HTML and CSS Reference
In-Depth Information
Problem Solving: Making Multimedia Content Accessible
Users with impaired vision, hearing, or motor skills may find it difficult to work with sites
that offer embedded content. One survey has shown that 71% of users who employ screen
readers found it difficult to work with Flash players and Java applets (
projects/screenreadersurvey2/ ). In fact, that survey ranked Flash as the technology that
presented the greatest obstacles when used with screen readers. There are several things
you can do to make your Web site more accessible to all users without sacrificing content.
Adobe Flash Professional software includes development tools to make the Flash player
more accessible. For example, this Flash software allows you to augment your multimedia
with captions that can be added to either FLV or H.264 video. The captioning tools also sup-
port the Unicode character map for international closed captioning. The latest Flash player
at the time of this writing, Adobe Flash Player 10, offers support for keyboard navigation so
that users are not required to interact with the player using a mouse. If you are designing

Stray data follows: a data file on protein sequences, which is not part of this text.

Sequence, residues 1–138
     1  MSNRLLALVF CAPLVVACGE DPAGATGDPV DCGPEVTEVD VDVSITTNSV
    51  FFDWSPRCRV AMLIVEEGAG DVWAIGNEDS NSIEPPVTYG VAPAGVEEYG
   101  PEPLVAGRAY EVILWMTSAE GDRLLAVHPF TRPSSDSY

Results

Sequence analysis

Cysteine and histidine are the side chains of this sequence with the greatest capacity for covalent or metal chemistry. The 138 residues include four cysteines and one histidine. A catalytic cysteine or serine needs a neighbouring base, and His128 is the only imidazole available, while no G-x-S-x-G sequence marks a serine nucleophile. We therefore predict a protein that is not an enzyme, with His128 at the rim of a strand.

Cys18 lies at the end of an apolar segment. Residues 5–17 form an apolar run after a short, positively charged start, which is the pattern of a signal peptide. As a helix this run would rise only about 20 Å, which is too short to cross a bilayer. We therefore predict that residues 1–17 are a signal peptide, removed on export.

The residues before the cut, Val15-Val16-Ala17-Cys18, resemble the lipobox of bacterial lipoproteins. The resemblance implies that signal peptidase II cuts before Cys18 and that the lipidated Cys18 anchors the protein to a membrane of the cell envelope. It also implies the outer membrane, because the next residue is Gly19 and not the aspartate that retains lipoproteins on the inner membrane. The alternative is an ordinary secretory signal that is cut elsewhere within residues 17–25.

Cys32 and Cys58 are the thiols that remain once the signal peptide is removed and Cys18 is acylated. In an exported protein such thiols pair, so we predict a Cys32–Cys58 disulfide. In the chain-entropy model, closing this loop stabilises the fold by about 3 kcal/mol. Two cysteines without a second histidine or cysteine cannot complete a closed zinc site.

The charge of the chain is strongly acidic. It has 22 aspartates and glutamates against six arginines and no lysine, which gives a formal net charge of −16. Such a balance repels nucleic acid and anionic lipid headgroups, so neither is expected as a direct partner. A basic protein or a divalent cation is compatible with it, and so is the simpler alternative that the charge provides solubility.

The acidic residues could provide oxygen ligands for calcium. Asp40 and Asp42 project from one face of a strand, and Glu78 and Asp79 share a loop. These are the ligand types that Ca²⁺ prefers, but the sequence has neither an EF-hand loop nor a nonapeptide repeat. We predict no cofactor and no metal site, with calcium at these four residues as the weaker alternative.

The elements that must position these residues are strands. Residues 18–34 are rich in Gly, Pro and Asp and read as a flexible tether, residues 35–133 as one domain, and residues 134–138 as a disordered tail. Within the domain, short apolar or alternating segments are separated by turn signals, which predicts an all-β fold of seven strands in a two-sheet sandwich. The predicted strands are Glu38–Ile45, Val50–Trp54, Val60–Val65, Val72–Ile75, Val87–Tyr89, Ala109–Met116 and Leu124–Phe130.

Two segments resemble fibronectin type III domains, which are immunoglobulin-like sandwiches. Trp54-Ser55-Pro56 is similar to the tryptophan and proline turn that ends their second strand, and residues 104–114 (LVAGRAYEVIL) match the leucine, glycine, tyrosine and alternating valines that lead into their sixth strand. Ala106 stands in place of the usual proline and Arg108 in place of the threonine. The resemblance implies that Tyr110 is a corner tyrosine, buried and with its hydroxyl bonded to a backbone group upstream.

content using Flash, you should avail yourself of these tools.
There are also tools available to allow Java to interact more effectively with screen read-
ers. One of these tools, the Java Access Bridge, integrates Java with the assistive tech-
nologies in the Microsoft Windows operating system, which then can be used by different
screen readers to allow visually impaired users to interact with Java.
In the end, the best practice is to provide your users with alternatives. Always nest
multiple levels of multimedia content so that users with different needs can retrieve your
content at some level. If necessary, create multiple versions of the same page for users with
different needs and abilities.
You've completed your work on Maxine's sample page describing the Royal Wedding
movie. She likes the media clips and Java applet you've inserted in the Web page, and
looks forward to adding more features.
Session 7.3 Quick Check
1. What is a Java Virtual Machine?
2. What are class files?
3. Specify the code you would enter to display the stockmarket.class applet as an
embedded object that is 500 pixels wide by 400 pixels high.
4. What are conditional comments and when are they necessary?
5. Specify the code to embed the image file logo.jpg as an object with a width of
200 pixels and a height of 100 pixels. If a browser does not support embedded
objects, have it display the text Millennium Computers as an h2 heading.
6. Specify the code to display the HTML file glossary.htm as an embedded object
that is 400 pixels wide by 200 pixels high.
7. Provide the code to display the same embedded object described in the previous
question using an inline frame.
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